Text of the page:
Wednesday, May 22, 2019

Dutchman arrested for alleged crypto mining fraud of $2.2 million


Dutch authorities arrested a 33-year-old businessperson for allegedly defrauding investors through a crypto mining fraud.

According to local reports, Dutch tax authority's investigative department, FIOD, made the arrest. The suspect was a director of two private limited companies, which he allegedly used for money laundering, fraud and forgery activities.

The man started his company back in 2017. Through the company, the suspect received money from investors who thought they were buying computers for buying bitcoins. The suspect collected about €2 million ($2.2 million) from the investors. Investors were promised returns of 0.3 Bitcoin Core (BTC) per month (about $2,389 at current prices). Investors became worried when they failed to get the returns or their mining computers.

Upon investigations, authorities discovered that the BTC mining machines were probably never even purchased. Initially, police had searched his house in November 2018 and discovered luxury goods such as bags, dirt bike, and shoes, and understand that he also used the money on motorbikes and gambling.

Notably, one of the suspect's BTC mining companies, Koniz Trading, was declared bankrupt last year after customers' accused him of fraud, according to reports by the NL Times.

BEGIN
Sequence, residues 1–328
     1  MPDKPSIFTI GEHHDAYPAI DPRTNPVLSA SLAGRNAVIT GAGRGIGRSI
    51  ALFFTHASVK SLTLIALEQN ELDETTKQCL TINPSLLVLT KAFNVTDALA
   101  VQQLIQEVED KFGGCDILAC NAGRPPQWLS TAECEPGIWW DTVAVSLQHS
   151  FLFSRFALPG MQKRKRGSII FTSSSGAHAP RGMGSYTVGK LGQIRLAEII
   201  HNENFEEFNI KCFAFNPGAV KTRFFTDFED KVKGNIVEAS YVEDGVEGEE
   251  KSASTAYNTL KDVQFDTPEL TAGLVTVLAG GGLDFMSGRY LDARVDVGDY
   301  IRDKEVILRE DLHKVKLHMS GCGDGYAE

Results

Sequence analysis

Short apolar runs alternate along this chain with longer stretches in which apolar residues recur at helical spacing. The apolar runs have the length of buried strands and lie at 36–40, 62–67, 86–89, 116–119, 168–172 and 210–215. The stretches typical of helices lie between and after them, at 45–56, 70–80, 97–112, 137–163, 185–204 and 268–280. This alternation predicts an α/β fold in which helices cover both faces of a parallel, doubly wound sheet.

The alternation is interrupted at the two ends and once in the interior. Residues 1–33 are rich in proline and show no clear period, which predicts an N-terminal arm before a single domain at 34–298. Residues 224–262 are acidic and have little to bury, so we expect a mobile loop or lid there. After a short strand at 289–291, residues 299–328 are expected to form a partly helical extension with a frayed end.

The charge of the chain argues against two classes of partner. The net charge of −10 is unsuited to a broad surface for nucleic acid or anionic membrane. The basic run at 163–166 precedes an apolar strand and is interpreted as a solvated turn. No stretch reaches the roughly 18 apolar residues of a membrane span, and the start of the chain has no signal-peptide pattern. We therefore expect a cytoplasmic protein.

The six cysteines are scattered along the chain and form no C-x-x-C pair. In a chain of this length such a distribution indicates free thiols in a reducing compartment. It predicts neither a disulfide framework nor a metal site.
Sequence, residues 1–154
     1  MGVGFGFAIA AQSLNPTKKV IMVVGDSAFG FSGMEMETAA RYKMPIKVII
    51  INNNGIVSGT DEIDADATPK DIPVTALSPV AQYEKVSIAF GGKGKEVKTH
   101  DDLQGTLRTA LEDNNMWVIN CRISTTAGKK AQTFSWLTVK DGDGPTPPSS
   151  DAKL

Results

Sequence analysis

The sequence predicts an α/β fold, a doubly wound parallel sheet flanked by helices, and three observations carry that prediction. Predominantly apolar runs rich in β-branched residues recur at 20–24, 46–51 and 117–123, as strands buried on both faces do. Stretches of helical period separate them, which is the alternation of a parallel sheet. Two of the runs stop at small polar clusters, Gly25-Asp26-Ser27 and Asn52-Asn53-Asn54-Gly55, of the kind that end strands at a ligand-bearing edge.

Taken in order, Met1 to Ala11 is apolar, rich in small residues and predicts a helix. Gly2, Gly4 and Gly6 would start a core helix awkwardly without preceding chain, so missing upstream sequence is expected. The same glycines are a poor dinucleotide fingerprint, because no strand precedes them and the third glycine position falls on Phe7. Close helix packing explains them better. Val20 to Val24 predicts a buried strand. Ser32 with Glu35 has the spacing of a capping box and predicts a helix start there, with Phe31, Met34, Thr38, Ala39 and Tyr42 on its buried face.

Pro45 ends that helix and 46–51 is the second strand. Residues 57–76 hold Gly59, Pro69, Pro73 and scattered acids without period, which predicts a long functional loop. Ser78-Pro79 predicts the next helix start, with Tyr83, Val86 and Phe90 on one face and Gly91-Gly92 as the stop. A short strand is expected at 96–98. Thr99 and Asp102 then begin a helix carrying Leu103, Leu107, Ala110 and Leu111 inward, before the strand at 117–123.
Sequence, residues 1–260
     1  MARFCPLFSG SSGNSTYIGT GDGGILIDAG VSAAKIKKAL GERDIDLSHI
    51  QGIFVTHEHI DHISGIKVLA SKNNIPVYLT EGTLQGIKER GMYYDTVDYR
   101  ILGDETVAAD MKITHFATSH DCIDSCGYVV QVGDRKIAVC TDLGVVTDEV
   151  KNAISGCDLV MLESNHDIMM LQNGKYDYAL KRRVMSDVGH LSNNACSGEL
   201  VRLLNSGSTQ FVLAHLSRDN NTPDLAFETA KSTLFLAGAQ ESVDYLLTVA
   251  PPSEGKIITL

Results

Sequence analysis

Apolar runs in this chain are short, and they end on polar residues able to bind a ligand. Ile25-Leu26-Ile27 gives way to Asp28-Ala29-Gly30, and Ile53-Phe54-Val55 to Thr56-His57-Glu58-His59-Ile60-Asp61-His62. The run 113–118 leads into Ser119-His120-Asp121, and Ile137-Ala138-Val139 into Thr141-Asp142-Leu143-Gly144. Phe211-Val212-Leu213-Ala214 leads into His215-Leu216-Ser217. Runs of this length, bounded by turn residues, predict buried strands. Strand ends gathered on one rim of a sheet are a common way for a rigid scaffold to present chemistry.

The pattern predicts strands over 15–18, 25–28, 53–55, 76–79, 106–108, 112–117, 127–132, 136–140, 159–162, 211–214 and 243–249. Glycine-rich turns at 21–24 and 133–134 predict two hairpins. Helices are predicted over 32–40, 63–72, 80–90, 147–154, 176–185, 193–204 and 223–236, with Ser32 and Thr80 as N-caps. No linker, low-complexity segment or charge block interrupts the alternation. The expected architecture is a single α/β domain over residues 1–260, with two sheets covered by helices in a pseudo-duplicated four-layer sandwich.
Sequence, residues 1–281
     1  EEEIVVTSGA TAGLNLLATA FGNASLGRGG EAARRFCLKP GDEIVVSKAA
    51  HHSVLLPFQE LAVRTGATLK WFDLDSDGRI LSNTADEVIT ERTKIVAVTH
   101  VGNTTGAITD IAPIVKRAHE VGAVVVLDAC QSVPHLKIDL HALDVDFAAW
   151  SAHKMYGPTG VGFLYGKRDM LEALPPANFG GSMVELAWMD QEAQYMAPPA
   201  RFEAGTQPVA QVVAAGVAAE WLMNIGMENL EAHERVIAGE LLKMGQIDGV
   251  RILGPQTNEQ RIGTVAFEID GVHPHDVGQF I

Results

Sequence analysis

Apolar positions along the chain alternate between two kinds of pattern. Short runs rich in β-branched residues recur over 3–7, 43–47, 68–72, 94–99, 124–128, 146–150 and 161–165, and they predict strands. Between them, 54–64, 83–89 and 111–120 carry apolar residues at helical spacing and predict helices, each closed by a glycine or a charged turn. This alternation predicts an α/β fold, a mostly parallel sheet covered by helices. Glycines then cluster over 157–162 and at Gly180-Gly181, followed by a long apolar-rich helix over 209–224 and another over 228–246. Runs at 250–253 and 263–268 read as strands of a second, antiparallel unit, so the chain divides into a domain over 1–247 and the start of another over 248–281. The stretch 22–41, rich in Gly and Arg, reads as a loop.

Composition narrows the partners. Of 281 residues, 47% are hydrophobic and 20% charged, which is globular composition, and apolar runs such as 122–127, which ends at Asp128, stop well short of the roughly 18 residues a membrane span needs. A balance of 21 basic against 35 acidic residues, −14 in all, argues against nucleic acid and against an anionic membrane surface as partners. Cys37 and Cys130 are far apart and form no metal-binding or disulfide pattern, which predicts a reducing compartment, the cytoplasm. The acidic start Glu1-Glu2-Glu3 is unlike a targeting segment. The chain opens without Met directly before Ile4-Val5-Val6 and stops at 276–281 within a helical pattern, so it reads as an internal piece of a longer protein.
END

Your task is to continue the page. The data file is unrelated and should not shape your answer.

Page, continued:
The FIOD added that fighting money laundering is the priority for the government as it is one of the "serious" crimes in the country.

Earlier this year, De Nederlandsche Bank (DNB), the nation's central bank, and the Netherlands Authority for the Financial Markets published a report that suggested that fiat-to-crypto exchanges and custody solution providers must be licensed as cryptocurrencies carry "high financial crime risks." In their report, these authorities explained:

"These risks must be addressed effectively, which can be achieved as a result of the international coordination of countermeasures that AMLD5 [the Fifth European Anti-Money Laundering Directive] provides."

Other countries, notably Malta, have already started to warn its investors on crypto fraud. Late last month, authorities in that country came out to issue guidelines that will help investors identify fraudulent crypto projects. This was done through a report released by the Malta Financial Services Authority (MFSA).

Among the issues addressed in the report, is the need for investors to protect themselves from engaging in suspicious projects, especially those that promise huge returns.

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